Best in Class: Kendra Krause

Tucked into a renovated two-story building at the edge of Brophy College Prep is a tuition-free middle school for boys from across Maricopa County.

Loyola Academy opened in 2011 to prepare boys from underprivileged families for Brophy College Prep, a nationally recognized private Jesuit high school in central Phoenix.

For Nelson Martinez De Los Santos who was part of the founding class of sixth-graders, it was an opportunity of a lifetime.

Now a freshman at College of the Holy Cross in Boston, Martinez De Los Santos said he spent 40 minutes each day commuting to Loyola. The 10-hour school day and 11-month school year propels students forward academically and socially. Once they complete middle school, the boys earn a full-ride scholarship to Brophy, which is about $15,000 annually.

“I still remember like it was yesterday,” said De Los Santos. “It’s just a unique experience. It’s a paradise, they really take care of you there. It’s like a family.”

Rigorous, but supportive, Martinez De Los Santos said at the heart of the school is its founding director – Kendra Krause.

“Ms. Krause is like my second mom. She never waits to be supportive or lend a helping hand, she’s always there,” said Martinez De Los Santos, whose family immigrated to the U.S. when he was one-year-old. “She’s really dedicated her life to make sure students who have come from situations like mine… are successful. I honestly wouldn’t be in college without her.”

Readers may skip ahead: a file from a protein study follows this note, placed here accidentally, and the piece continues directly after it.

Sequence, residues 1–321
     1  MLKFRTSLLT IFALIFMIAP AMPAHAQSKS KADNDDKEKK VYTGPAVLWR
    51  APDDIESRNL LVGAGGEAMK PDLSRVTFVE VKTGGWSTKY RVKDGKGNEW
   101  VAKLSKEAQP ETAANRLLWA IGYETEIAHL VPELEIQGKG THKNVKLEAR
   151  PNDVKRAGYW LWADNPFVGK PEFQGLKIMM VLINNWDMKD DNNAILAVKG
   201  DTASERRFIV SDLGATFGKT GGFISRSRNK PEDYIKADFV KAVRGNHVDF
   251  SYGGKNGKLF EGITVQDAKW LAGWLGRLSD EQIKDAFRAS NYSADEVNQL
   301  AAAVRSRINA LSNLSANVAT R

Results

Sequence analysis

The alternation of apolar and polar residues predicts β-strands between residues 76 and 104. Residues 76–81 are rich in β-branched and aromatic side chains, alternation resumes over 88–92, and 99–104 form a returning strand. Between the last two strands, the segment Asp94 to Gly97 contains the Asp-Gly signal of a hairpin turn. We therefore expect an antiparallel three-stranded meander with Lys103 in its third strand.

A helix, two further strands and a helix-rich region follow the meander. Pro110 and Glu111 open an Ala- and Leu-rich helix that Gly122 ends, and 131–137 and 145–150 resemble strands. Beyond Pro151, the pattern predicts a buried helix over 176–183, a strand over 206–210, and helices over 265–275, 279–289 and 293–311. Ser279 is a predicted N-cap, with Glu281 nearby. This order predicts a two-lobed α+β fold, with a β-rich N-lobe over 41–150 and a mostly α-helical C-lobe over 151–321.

Krause said Brophy’s leadership saw that even with increased financial aid, some students “would still struggle when they got here, sometimes academically, sometimes socially, usually both.”

So, the idea was born to create a feeder middle school to equip these young boys with the academic and social foundation to succeed at Brophy.

“We want to help eliminate anything that might keep a boy from being successful and focusing on school,” Krause said. “I do think that it’s more than just money to go to a private school. We try hard to provide a whole experience that benefits a boy and his family.”

Fifth-grade students qualify to attend Loyola based on recommendations, academic potential and financial need. Beyond tuition, Loyola provides students with uniforms, technology, transportation, meals and support for families.

Brophy’s mission is to transform young men into leaders committed to service and social justice, or Men for Others, said Brophy President Adria Renke.

“Loyola Academy lives our mission. It truly is men and women for and with others. It’s the best thing Brophy College Prep has done since 1928,” she said. “We are all different because of Loyola Academy, no question. It has changed the fabric of our school.”

Megan Gilbertson

Graham Bosch

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